"These statements have deeply shocked and saddened all at Dior who give body and soul to their work, and it is particularly painful that they came from someone so admired for his remarkable creative talent. What happened last week has been a terrible and wrenching ordeal for us all," said Toledano. "The heart of the House of Dior, which beats unseen, is made up of its teams and studios, of its seamstresses and craftsmen, who work hard day after day, never counting the hours, and carrying on the values and the vision of M Dior. What you are to see now is the result of the extraordinary, creative and marvellous efforts of these loyal, hardworking people."
It was those seamstresses and craftsmen who took the bow traditionally reserved for the designer, with none of the flounce and theatricality of Galliano's customary strut down the catwalk: they simply streamed out together, in their white coats, and enjoyed a standing ovation.
They wept. The crowd wept. Toledano lurked at the back with his head in his hand. As everyone slowly and quietly made their way out, slightly shaky, slightly embarrassed, and a little bit overwhelmed by this shared emotion, Galliano was already being spoken about in the past tense and the clothes were barely mentioned.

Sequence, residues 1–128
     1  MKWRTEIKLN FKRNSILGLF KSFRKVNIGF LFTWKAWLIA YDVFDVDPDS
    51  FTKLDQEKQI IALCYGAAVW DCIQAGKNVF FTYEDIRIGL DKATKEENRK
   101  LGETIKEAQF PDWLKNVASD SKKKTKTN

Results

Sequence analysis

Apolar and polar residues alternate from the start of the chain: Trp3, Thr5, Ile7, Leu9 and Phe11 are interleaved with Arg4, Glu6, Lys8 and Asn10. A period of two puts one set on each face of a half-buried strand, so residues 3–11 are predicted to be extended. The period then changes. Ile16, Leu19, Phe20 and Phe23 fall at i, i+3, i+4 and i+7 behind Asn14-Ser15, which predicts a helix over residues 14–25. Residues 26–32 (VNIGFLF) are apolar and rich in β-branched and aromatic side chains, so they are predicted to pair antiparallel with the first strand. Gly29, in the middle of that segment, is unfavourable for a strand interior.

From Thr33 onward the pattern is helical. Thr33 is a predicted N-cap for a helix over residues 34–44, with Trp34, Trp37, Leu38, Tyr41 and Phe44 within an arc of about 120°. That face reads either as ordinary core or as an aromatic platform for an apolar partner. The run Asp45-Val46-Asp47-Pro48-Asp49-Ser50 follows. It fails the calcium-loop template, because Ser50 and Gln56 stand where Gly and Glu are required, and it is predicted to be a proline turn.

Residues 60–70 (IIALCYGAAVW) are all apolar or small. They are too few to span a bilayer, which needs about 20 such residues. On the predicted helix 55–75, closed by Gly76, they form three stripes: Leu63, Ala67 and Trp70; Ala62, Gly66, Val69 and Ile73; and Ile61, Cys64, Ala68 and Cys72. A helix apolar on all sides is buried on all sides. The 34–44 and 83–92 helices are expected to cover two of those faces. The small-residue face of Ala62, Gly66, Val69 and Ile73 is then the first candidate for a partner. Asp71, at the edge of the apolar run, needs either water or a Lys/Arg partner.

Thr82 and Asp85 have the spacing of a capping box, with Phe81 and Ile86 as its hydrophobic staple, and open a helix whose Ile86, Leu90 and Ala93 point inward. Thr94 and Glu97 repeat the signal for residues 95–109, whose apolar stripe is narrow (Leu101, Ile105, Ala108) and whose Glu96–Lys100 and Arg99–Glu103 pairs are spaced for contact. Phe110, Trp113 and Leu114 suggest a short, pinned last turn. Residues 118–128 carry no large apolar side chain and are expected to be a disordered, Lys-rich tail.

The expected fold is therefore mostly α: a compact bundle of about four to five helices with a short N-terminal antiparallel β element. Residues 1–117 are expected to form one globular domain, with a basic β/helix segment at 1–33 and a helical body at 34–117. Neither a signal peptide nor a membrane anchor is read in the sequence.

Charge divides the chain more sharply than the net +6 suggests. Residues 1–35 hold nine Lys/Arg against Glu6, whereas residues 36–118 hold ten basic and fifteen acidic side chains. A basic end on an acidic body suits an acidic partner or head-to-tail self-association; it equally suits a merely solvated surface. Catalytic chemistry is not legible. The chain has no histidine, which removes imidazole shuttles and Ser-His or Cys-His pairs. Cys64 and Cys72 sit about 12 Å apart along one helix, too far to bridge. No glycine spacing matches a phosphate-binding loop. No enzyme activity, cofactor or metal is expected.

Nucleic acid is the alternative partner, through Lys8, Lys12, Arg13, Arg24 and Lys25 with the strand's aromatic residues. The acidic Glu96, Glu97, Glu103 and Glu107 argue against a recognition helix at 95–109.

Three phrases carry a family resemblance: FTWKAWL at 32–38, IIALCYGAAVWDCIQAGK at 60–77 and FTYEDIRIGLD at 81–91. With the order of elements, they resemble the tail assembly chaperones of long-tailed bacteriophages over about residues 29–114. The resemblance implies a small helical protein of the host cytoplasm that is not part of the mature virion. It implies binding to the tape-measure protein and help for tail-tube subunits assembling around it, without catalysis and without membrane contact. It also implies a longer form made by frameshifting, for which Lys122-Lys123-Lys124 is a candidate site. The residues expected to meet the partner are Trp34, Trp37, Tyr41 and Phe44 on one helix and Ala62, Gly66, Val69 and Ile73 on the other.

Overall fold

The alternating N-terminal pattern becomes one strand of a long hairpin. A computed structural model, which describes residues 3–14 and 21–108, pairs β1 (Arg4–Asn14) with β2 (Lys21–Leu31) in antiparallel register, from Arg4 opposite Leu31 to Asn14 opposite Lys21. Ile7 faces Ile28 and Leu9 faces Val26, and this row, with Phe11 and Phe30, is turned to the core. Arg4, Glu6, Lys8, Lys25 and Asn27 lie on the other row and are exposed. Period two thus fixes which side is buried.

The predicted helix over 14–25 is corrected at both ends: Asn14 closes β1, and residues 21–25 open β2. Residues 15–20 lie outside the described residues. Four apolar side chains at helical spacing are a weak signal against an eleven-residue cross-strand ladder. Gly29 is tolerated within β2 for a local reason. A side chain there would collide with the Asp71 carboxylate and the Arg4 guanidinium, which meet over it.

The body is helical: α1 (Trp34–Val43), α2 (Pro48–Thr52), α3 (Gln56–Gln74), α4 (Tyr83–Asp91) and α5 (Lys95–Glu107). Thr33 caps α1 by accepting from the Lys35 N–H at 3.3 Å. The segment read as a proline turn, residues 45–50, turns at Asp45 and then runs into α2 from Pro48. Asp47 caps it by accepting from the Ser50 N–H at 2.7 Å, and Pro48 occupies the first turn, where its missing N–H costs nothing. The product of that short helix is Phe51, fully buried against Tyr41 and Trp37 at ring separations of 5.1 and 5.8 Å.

That's a shame, because it was a rather lovely collection, if not as visionary as his superb Gruau-influenced couture show earlier this year. With a typically Galliano inspiration of the Romantic poets of the Regency period, the velvets, taffetas, thick wools and ruffled tulle made a covetable parade, richly coloured in blues, burgundies, aubergine and green, with summery pale blues and pinks for eveningwear.
Boots came to the mid-calf or were laced up over the knee while the platform shoes for evening, in soft pink suede, were beribboned and girlish. While one or two drop-waisted frocks passed through, it was the empire-line that took centre stage, with stiff-peplumed leather, velvet and wool jackets belted high under the bust, and evening gowns in delicately embroidered chiffon and lace.
Long capes, worthy of a Regency nonpareil, big soft felt hats and knickerbockers made explicit the historical bent of the collection, but it was in no way merely costume, and without the more outlandish styling so often employed by Galliano (the mask-like make-up and so on) it was easy to see the many beautiful pieces of clothing as they will appear in the shops.
Perhaps for Dior this is a corner turned, a chance for a fresh approach to translating its exquisite archive and ethos. But as a poignantly timed exhibition at Le Bon Marché Rive Gauche, called Eternellement Dior, reminds us, John Galliano had ever an eye to the house's identity, and a rich mine of creativity with which to dress his reinterpretations. He'll be a hard act to follow but it's been said before and it will be said again: the show must go on.